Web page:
You should describe the ownership structure of your business i.e. who owns it and what type of business it is (Sole Proprietorship, Partnership, Joint Stock Company, B Corp). If you are acquiring an existing business, provide details of the acquisition agreement. Remember that all contracts and legal matters should be reviewed by a lawyer.

Action plan

You will include here a table or graph (one or two pages should suffice) indicating the objectives and key milestones for the next few years. It can be useful to indicate target dates and who is responsible for each task.


A concise and general summary (one or two pages should suffice) is a good way to conclude the plan. It should include:

  • Your objectives and a description of the project. ( Be sure to specify if this is a brand new business, an expansion of an existing business, or the acquisition of a new business.)
  • A history of the company and a description of the nature of the activities.
  • Your products or services as well as their exclusive points of sale.
  • Your financing needs.
  • Management and advisor information.
  • A brief description of your risk assessment and contingency plan.
  • Contact details for your financial institutions.

Supporting documents

It is important to include information to support your business plan. It can include feasibility studies, surveys, market analysis, key information about your main competitors and an industry overview. You can include footnotes in the main document to direct the reader to supporting documents.

Annex – Financial plan

Your business plan should include a financial plan explaining how you expect to earn income from the activities and what your expenses and funding needs will be.

A sound financial plan should include:

  • Basic information (address, contact details, start date of activities, year end date).
  • Sales data (historical and three-year projected data). This data should be broken down by product category and expressed in dollars and as a percentage of total sales.
  • Fixed and variable costs (historical and projected costs), broken down by category, such as inventory, materials, transportation, tariffs, labor costs, repairs and maintenance, utilities and other services, depreciation, indirect costs, travel, advertising, office expenses, insurance and taxes. Well-documented start-up costs should also be included.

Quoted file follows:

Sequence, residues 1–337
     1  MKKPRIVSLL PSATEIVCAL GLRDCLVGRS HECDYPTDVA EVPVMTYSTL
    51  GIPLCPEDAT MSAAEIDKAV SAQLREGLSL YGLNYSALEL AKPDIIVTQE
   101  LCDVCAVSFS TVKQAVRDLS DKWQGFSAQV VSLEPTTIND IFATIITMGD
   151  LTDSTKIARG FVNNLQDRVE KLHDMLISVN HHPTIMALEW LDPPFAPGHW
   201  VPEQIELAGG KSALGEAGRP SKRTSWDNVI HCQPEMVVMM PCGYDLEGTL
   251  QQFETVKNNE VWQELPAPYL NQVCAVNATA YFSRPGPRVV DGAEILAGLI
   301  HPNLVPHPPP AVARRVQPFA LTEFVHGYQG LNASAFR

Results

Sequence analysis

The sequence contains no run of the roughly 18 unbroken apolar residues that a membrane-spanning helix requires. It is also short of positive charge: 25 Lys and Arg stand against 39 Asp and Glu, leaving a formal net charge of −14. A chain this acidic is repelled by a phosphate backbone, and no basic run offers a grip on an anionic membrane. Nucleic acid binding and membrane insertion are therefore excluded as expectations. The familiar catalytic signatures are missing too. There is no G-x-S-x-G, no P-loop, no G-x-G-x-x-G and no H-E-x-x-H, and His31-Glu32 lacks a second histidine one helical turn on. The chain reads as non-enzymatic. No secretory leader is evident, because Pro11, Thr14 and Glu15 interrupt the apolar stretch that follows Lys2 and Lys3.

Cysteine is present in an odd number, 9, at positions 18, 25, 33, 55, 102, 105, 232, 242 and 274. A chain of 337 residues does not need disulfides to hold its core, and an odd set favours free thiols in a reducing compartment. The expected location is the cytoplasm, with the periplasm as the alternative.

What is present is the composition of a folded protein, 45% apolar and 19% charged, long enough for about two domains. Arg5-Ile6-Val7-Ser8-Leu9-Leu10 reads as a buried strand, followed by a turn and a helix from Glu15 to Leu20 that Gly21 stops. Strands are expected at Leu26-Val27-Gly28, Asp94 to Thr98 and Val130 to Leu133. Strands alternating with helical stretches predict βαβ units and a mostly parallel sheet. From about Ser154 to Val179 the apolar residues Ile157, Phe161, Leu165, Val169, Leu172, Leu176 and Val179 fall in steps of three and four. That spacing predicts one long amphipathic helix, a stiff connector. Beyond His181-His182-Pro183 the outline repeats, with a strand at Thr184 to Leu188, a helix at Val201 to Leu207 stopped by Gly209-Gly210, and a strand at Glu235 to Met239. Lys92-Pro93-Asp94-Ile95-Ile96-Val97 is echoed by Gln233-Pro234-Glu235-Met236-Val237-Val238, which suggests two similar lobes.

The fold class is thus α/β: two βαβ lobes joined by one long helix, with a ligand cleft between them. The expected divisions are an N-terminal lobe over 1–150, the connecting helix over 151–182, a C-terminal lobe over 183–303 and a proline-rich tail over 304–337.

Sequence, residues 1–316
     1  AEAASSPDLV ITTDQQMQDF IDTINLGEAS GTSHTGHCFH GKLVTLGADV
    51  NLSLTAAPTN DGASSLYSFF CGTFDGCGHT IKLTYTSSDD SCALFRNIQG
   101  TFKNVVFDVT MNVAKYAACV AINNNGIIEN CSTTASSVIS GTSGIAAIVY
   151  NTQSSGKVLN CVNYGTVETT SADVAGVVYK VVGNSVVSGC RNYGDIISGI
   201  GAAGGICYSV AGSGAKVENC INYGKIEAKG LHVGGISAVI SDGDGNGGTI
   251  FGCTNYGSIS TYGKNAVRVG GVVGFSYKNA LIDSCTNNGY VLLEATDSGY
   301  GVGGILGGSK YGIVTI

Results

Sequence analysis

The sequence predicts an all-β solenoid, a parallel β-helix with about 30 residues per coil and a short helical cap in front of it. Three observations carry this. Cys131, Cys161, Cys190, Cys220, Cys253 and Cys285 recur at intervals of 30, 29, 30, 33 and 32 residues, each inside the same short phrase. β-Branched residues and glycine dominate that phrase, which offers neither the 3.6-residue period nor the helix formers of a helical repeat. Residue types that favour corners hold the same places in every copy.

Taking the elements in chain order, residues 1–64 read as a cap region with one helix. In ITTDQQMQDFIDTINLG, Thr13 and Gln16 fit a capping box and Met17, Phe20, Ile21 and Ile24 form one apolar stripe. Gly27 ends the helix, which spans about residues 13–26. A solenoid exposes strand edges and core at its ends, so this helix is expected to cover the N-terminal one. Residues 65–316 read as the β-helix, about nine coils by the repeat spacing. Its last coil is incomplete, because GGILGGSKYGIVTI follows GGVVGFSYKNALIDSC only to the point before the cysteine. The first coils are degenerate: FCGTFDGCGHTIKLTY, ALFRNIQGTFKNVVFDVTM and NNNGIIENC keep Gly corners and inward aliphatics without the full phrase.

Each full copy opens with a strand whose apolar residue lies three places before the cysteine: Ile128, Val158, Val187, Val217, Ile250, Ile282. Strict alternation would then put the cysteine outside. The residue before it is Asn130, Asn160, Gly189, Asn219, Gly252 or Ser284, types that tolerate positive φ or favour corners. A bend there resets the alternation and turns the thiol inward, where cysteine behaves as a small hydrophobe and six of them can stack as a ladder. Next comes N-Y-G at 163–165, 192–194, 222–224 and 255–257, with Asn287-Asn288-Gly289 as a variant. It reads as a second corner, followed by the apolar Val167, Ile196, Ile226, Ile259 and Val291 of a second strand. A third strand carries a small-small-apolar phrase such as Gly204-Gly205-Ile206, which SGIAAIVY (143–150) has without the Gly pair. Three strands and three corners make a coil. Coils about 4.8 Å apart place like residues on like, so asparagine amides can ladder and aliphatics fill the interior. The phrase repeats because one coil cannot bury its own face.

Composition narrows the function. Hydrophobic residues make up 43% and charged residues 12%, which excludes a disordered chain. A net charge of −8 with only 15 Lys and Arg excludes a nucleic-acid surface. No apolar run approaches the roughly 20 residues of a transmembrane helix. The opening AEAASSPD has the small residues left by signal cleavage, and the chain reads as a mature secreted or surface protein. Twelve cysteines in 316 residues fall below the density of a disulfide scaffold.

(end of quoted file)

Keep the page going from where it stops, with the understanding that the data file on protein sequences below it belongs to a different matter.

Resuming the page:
• Include a historical and projected income statement and statement of financial position.
  • The projected cash flow monthly for the next three years.
  • A statement of financing needs for each sector of your business. This should include a description of the existing loans and the reasons for which they were taken.
  • A table of performance indicators, with historical and projected data. It can include a few key metrics, such as general liquidity ratio (current assets divided by current liabilities), average time to collect accounts receivable, inventory turnover, interest coverage, ratio debt/equity, return on invested capital and asset turnover.
  • Financial information on the directors of the company. Lenders must be able to assess your ability to repay a loan. You must include your home address and contact information, income and assets, obligations, name of your spouse, and employment information. You must also communicate the financial information of your partners, if applicable.

Bankers are also interested in the state of your personal finances, since they ask for certain investments from you as proof of commitment. (Money can come just from you, or your family and friends.) The general rule is that money attracts money; the more investors you have, the easier it is to attract others.

Keep in mind that a banker will also review your credit history to assess your reliability. Make sure you know your and your business records with the credit bureaus.

If you are new to Canada, you may not have a credit history to present to the banks when you apply for a loan for your business. One practical solution is to get a credit card and use it responsibly. You can also explore government financing programs like the BDC Newcomer Entrepreneur Loan.

Avoid these pitfalls

  • Don’t be unrealistic in your business plan. You should be able to justify all of the assumptions and projections.
  • Don’t try to cover up financial difficulties. Be honest with your lender. For example, if your sales fluctuate, you might like to have a flexible payment schedule. A transparent business plan is your best ally in gaining the trust of bankers and investors, whether they are your associates or individuals independent of the company.
  • Do not provide inadequate information. Provide sufficient information on the management team, marketing plans and start-up costs.